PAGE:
Canada and France strengthen bilateral ties
The Prime Minister, Justin Trudeau, welcomed the Prime Minister of France, Manuel Valls, on his first official visit to Canada.
During the visit, the two leaders took concrete steps to strengthen the Franco-Canadian relationship, and agreed to deepen the already rich cultural ties between the two countries, work towards a safer world, and create the kind of economic growth that will help the middle class grow and prosper.
The two leaders agreed to renew the Canada-France Enhanced Cooperation Agenda, which will: enhance cooperation in peace, security and sustainable development, with an emphasis on protecting women and children, as well as peacekeeping; strengthen economic and scientific cooperation, including through the Canada-European Union (EU) Comprehensive Economic and Trade Agreement (CETA); and, foster closer societal, cultural, and people-to-people ties, with a special focus on youth.
Canada and France are true partners and true friends, much of which can be attributed to what we share – a common language, a common history, and a common set of values.
“Canada and France share an impressive and storied past. Thanks to the continued success of our longstanding friendship – and to the dedicated work by Prime Minister Valls – the next chapter of our relationship with France looks even more promising than the last. I am particularly excited that we were able to agree to enhance commercial ties between our two countries – including through CETA – and that we will be strong partners in our efforts to create economies that work for the middle class and those working hard to join it.”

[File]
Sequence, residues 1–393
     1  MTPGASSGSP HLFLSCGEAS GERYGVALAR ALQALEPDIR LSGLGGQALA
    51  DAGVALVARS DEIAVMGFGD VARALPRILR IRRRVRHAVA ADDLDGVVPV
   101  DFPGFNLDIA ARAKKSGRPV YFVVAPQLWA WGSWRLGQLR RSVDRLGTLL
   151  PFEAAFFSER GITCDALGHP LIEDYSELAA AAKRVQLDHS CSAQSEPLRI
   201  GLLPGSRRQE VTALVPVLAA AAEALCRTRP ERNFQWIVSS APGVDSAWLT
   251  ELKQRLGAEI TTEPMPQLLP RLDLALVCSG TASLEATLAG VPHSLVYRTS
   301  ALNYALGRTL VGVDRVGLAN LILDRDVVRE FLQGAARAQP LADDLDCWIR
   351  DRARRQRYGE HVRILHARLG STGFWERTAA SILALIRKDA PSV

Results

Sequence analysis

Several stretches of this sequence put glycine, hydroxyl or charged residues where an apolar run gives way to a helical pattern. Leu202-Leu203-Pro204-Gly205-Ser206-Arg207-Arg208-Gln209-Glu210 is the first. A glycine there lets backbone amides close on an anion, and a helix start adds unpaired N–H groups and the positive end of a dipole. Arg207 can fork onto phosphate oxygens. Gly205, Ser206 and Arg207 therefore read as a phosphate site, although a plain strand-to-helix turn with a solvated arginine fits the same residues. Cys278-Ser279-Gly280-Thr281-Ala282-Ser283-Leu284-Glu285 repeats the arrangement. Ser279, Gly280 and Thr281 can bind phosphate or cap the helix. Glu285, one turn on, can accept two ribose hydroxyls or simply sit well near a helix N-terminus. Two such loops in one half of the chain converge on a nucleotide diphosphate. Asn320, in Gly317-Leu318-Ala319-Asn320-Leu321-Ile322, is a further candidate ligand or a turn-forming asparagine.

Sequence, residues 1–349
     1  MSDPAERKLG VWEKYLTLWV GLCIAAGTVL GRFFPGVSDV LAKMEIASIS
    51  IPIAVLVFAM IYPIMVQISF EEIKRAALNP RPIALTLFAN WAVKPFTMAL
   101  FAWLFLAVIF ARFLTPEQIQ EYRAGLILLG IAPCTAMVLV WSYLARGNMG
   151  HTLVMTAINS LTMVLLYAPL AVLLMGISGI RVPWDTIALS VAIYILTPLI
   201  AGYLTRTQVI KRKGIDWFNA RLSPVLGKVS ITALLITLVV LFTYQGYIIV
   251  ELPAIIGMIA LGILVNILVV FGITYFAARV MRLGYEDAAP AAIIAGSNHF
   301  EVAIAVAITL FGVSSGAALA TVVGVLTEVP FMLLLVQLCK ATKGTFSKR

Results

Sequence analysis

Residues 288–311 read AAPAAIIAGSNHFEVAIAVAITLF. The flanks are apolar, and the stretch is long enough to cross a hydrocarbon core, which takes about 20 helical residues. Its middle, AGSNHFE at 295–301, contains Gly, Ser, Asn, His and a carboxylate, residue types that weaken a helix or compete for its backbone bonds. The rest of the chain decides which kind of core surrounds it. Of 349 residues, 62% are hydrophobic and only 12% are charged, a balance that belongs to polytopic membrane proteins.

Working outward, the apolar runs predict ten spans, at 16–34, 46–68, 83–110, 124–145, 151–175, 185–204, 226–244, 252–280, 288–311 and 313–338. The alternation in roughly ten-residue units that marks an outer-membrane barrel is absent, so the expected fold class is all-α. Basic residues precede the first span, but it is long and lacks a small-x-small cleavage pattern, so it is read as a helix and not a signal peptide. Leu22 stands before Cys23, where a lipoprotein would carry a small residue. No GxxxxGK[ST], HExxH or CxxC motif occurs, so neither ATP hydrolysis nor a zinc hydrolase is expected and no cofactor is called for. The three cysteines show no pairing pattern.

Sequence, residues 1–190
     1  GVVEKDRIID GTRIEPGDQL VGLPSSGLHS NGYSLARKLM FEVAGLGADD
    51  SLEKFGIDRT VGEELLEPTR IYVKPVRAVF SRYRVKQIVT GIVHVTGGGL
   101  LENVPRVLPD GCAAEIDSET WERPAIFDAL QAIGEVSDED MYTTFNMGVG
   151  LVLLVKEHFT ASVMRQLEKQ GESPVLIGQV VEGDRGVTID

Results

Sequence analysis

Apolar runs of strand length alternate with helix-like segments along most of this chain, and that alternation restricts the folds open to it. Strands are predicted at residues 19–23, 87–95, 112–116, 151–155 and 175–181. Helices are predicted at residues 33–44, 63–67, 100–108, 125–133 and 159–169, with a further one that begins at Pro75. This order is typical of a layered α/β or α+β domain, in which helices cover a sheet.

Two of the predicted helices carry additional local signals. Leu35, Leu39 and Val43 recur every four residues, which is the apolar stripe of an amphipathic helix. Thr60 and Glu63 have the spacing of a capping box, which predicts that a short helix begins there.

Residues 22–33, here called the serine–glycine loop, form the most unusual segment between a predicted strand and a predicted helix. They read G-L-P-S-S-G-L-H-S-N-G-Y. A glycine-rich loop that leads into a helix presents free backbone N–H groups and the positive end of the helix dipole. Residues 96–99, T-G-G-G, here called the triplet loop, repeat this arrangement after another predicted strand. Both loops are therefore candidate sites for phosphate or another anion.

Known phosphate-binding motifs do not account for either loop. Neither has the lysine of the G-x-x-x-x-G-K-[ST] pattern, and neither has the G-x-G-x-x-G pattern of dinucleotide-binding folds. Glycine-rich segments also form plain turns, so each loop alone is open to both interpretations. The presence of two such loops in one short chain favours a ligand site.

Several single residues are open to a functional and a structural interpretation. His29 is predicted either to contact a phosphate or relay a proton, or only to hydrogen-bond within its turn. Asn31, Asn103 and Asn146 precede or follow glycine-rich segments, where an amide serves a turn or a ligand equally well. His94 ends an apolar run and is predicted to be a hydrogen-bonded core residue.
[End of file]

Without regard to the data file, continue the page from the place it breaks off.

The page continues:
—Rt. Honourable Justin Trudeau, Prime Minister of Canada
- As a permanent member of the United Nations Security Council, NATO, G7, G20, founding nation of the European Union (EU) and leading partner in La Francophonie, France is a key ally for Canada on the international stage.
- France is Canada’s eighth-largest merchandise trading partner globally and fourth-largest export market in the EU, with bilateral trade valued at $9.9 billion.
- The EU is the world’s second-largest market and Canada’s second-largest trading partner after the United States.
- Approximately 98 percent of all EU tariff lines will be duty-free on the day CETA comes into force (over 99 percent will be duty-free when the agreement is fully implemented).
- Over the course of the visit, ministers from both countries also signed the Declaration on Cooperation in Innovation for 2016-2018 and the Declaration on the Joint Economic Action Plan Canada-France 2016-2017. In addition, Canada and France agreed to a new roadmap on peacekeeping.